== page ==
Monday, July 02, 2007


Two-Person Race

Despite the rich deep field, the Democratic presidential race is two people: Hillary Rodham Clinton, a year ago, was expected. Freshmen senator Barack Obama -- despite his amazing 2004 convention speech -- couldn't have been. Yet, here he is, blowing away the field in the second fundraising quarter.

Just like in the first quarter, the two interesting keys here are: 1) Number of donors -- he's up to 250,000 (as reported last week) and, 2) Nearly all of his $32.5 million is primary money. Hillary hasn't revealed how much of her quarter fundraising is primary cash. My guess is that means close to one-third is only for the general election.

On Meet The Press Sunday, NBC's Chuck Todd observed:

And, you know, we’re going to get through this primary general, all this stuff. Maybe it’s only 22 million in primary money. It’s possible he, he might outraise her somewhere $10 million in primary money. What’s fascinating is in this first half of the year, clearly, you talk to the Clinton folks, you talk to sort of unbiased observers, say—will say, “Mrs. Clinton won the first half politically of this election season.” But financially Obama’s won it. He has caught up to her. He has made up the $10 million transfer that she had from her Senate account. It is—it is stunning.
MR. RUSSERT: And 250,000 donors.
MR. TODD: Two hundred and fifty thousand donors, which means, you know, which means that, you know, he can continue to sort of apparently be a little lackluster. I mean, I’m always struck at these debates how cautious he is. He’s afraid to, he’s afraid to go for a knockout. He’s afraid—he’s, he’s trying not to, he’s trying not to lose. He’s not trying to win yet.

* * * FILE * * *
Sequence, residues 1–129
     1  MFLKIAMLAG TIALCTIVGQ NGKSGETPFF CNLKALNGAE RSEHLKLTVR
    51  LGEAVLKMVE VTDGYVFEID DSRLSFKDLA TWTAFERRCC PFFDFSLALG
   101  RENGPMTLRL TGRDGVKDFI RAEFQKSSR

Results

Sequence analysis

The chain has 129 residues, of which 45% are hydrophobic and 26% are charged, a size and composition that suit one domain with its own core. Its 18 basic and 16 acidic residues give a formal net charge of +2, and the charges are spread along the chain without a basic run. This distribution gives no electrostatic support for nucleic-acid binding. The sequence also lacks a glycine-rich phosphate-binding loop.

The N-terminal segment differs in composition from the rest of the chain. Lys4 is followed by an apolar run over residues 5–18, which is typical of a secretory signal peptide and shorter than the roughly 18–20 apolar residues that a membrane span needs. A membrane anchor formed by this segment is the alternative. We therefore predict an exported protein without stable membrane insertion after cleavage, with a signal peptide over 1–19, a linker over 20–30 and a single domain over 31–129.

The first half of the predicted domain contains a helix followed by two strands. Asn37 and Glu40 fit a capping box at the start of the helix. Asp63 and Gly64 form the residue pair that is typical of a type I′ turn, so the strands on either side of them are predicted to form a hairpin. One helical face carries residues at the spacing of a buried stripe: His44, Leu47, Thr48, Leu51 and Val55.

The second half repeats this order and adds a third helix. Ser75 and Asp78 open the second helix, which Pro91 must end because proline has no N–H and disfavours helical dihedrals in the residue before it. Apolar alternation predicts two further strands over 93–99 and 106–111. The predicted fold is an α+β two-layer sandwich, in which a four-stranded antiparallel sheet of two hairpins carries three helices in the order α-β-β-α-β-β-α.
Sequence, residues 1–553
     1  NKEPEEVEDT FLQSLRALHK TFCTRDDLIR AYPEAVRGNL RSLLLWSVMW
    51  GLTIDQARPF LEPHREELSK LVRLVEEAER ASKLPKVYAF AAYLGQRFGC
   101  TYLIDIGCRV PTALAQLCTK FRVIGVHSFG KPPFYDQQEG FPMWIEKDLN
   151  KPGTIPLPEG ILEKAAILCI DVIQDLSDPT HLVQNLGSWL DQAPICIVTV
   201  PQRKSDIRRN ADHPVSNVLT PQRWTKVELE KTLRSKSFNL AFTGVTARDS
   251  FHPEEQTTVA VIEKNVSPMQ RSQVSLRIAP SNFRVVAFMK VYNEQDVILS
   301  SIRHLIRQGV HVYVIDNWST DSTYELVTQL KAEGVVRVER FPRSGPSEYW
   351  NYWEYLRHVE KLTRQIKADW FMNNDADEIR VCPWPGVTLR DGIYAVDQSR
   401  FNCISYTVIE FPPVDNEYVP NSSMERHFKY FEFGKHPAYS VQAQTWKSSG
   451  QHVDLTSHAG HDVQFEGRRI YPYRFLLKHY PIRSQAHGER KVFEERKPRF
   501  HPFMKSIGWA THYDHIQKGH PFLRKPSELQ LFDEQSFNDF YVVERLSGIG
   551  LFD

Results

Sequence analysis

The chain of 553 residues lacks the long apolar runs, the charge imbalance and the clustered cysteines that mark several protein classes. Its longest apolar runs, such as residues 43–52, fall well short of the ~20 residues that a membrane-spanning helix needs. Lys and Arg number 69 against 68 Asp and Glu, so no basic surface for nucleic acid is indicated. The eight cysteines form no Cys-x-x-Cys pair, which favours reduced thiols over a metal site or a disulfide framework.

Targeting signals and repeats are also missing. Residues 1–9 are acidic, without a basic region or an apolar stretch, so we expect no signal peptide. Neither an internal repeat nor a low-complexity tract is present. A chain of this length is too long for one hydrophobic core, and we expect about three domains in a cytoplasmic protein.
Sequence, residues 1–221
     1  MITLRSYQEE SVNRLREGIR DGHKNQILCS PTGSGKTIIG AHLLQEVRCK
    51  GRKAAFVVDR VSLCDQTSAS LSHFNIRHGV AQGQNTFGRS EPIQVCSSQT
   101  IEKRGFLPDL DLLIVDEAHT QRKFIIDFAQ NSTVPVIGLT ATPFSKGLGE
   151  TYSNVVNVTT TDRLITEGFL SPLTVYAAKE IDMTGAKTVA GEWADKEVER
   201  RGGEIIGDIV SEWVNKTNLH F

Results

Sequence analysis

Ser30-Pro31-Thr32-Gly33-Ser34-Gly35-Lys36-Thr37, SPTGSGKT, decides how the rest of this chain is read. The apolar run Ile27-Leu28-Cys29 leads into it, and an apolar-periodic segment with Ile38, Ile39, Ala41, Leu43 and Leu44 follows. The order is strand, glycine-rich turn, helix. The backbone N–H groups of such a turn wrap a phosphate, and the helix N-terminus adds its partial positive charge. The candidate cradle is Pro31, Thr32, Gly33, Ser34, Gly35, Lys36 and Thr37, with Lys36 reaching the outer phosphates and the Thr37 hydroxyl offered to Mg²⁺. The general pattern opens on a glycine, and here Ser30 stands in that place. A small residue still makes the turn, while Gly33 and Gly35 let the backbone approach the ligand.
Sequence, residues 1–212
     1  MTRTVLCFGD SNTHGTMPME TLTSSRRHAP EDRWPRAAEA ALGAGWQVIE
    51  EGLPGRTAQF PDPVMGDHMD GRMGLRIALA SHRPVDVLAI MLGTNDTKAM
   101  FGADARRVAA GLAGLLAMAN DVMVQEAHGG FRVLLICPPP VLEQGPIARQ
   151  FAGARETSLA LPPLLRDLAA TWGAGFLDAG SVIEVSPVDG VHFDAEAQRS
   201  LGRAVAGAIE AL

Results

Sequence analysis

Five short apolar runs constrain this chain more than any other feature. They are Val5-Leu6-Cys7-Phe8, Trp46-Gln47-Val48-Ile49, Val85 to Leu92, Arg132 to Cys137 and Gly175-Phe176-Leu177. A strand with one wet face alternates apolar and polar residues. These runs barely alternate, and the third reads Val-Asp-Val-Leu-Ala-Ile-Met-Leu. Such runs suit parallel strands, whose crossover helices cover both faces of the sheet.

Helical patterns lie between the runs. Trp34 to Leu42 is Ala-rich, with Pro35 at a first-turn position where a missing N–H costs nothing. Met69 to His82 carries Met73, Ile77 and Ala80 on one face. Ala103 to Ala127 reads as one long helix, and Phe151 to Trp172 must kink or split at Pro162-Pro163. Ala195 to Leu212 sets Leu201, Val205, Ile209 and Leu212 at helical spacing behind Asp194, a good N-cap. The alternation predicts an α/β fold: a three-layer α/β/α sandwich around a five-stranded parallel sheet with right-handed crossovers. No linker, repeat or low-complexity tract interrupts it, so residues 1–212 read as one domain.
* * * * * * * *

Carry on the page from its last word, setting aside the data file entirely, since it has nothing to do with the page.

That raises an interesting point. So many focus on how "cautious" and "scripted" Hillary is. But she's the one doing what is necessary to make major gains. And strangely, it's the debates -- i.e., where actual substance (even if it is reduced to soundbites) is on display -- that have caused Hillary to increase her polling lead over Obama (a point that Tavis Smiley conceded on MTP). So, again, the race is two people: While it is still Hillary's to lose, Obama's fundraising prowess means that he's got a larger margin of error than any other presidential sweepstakes rookie should expect -- assuming, of course, he isn't so foolish as to repeat Howard Dean's mistakes and burn through his cash before the votes are cast. (Actually, despite her own fundraising ability, Sen. Clinton had better watch her spending. She has a much larger operation -- costing a lot more -- than Obama's does.

UPDATE: Andrew Sullivan dives further into Obama's amazing numbers (154,000 new donors)! It's funny, usually, the greater (and, by that, I don't mean "bigger") organization raises the most money, but that's not what's going on in this Democratic race. Hillary has both a bigger and, I would argue, a more efficient organization. But Obama's campaign has something else -- Barack Obama. And he may have an "it" factor that's never been seen before.

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